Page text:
The Footloose Forester didn’t get the job. But some 5-6 years later USAID had a dozen forestry consultants on hire, and over 20 forestry projects up and running in Third World countries. Presumably, those contracted foresters were involved in planning and implementation of those projects.
Getting back to Cape Verde and quasi whistle blowing; when Footloose Forester was asked to make suggestions for new projects, his first choice was for a tree seed project. His suggestion was ignored. Yet only two years later there were 9 new tree seed nurseries in other countries in the Sahel Region, of which Cape Verde was a part....Presumably sponsored by USAID, Washington.
It was one thing to be passed up in the game of allocation of funds, but Cape Verde and other desert or semi-desert counties in the Sahel Region had a serious problem with fuelwood shortage, desertification, and wind erosion. Some species of trees can thrive in arid conditions, thus those adaptable species and their seeds would be the seed sources for the future.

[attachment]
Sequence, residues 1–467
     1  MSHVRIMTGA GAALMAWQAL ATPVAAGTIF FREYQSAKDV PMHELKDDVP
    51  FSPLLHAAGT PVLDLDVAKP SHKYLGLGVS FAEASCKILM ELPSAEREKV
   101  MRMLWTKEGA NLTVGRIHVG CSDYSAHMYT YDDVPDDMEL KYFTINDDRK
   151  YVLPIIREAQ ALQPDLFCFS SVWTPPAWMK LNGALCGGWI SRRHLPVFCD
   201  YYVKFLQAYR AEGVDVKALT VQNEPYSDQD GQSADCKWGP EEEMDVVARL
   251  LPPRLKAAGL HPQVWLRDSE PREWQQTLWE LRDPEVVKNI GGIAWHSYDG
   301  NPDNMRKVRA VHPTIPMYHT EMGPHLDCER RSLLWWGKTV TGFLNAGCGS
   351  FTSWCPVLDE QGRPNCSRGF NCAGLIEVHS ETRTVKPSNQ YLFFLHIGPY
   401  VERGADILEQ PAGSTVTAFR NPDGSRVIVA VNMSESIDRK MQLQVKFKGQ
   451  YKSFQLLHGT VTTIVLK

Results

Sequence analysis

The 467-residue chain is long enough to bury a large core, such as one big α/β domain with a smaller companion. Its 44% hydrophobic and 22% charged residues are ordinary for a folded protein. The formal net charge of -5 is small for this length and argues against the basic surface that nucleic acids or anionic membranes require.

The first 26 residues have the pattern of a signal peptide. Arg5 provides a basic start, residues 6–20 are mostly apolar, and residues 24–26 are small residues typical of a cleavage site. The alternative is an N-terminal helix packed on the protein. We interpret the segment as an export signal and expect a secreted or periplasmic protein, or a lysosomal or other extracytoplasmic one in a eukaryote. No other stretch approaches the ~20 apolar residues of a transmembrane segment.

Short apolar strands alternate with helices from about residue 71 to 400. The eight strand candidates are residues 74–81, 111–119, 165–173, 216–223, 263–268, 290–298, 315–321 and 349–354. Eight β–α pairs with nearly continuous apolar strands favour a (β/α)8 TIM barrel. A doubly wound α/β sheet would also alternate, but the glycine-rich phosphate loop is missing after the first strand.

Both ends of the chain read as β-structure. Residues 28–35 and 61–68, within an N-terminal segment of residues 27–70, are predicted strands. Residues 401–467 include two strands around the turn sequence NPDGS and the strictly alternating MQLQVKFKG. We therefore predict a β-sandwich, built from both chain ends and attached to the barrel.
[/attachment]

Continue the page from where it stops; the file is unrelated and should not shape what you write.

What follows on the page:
Now for the whistle blowing…The USAID Program Manager in Cape Verde, with two college degrees in Mathematics, didn’t seem to have an understanding of either agriculture or forestry. Yet he routinely ignored the advice and suggestions of the Footloose Forester, who had two degrees in Agriculture, and one in Forestry.